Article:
It’s hard belonging to two countries, it’s like having an unworkable affair – you are never really whole in either place.
In England, I was an Australian who always missed my family and spent the dark days of winter yearning for the sunshine and long Sundays of home.
But after almost eight years in London, I turned British (officially) and that lover weaved its way into an unshakeable part of my heart.
I married Britain’s park-life, London’s long summer days, the European holidays along with my expat family.
London embraced me from the moment I landed and it gave me everything I needed - except familiarity and nostalgia.
After years and years in a city where everything, including myself, was new, I never ran into anyone who had known me as a child, or knew my family or knew the suburb I grew up in.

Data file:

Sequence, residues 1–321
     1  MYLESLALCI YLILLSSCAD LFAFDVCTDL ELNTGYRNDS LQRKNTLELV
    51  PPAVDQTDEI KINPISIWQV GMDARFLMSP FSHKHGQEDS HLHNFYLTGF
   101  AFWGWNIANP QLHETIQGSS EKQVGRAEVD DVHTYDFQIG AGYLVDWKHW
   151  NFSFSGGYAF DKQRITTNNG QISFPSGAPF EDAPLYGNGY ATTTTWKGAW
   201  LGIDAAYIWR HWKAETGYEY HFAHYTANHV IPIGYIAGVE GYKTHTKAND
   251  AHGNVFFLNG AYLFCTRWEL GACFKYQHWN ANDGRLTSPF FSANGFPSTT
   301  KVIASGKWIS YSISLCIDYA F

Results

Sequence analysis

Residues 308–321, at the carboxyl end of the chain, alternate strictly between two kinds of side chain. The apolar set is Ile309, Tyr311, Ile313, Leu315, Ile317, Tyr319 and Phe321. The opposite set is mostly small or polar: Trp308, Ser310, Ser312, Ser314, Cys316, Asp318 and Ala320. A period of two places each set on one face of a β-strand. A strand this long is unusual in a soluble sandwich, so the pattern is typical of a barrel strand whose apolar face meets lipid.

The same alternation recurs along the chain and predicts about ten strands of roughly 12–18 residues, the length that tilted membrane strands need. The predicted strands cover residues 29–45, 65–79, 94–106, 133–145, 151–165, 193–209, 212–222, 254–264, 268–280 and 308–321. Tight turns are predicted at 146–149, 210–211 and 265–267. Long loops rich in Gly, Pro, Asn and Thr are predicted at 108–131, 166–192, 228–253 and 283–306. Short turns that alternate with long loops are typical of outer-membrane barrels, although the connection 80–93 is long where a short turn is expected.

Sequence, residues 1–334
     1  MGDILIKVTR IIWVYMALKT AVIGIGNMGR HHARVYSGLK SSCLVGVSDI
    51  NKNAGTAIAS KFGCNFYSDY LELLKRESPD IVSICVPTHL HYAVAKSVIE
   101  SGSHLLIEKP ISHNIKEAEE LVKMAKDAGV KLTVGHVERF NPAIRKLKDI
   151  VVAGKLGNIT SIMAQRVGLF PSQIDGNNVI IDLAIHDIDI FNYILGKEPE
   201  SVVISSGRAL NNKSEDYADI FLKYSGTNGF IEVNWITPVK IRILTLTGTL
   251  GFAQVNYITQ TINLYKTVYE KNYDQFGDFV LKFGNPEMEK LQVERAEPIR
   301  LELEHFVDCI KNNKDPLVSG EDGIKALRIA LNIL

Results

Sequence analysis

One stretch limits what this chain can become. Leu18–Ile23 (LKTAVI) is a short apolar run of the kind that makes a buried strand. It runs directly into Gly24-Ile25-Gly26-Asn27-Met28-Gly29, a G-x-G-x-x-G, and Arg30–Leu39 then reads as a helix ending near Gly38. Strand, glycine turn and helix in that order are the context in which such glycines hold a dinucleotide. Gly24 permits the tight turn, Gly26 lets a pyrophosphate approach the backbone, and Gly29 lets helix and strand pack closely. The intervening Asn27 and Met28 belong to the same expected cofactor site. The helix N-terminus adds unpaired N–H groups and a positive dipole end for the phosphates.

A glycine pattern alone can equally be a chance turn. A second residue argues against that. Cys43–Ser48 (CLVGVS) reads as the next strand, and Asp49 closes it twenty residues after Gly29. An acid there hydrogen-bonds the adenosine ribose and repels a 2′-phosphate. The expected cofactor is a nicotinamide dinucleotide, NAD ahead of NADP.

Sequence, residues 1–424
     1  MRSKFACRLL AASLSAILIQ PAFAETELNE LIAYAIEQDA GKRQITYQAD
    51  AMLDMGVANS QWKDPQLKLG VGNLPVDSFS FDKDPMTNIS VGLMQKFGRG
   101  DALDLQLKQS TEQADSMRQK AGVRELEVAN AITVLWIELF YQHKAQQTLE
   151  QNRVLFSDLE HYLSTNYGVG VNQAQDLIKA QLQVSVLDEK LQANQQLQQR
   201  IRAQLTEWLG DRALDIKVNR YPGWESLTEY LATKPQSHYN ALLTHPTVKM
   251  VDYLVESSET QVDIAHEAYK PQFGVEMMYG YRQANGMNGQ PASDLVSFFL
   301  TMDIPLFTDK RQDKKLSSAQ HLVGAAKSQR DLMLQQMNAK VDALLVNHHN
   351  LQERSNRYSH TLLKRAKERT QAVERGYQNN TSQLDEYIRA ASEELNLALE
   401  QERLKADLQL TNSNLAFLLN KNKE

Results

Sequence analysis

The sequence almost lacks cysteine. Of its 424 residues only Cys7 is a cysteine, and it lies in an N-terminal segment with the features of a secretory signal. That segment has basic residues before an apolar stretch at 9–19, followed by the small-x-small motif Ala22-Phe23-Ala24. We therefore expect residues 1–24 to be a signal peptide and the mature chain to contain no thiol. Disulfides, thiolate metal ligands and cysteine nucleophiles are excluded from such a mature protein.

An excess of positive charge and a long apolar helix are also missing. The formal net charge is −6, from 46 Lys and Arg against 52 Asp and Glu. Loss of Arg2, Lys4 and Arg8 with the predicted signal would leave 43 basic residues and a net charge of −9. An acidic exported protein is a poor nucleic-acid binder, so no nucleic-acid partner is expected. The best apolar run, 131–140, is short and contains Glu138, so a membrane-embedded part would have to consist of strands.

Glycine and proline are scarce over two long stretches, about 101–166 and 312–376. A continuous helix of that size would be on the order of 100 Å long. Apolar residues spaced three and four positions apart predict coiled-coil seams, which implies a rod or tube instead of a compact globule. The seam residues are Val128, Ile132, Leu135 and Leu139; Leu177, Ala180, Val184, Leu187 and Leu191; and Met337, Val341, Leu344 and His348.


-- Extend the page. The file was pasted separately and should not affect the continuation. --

It was an unfamiliar place, with no familiar lawn-cutting smells and the time and pace was so different to my original home.
I could divert around British class culture as easily as an alien. I was at home anywhere and everywhere - because I had never existed there before.
My accent didn't give me away to a class, no one knew if I had a private or public school record - I had an underclass of Australiana, and it was an opportunity.
Back at home it was different, I knew my place and I felt others did too.
In Australia, I don't have that feeling of freedom that comes from escaping your blueprints. I never had that feeling of endless opportunity that comes with anonymity and re-invention.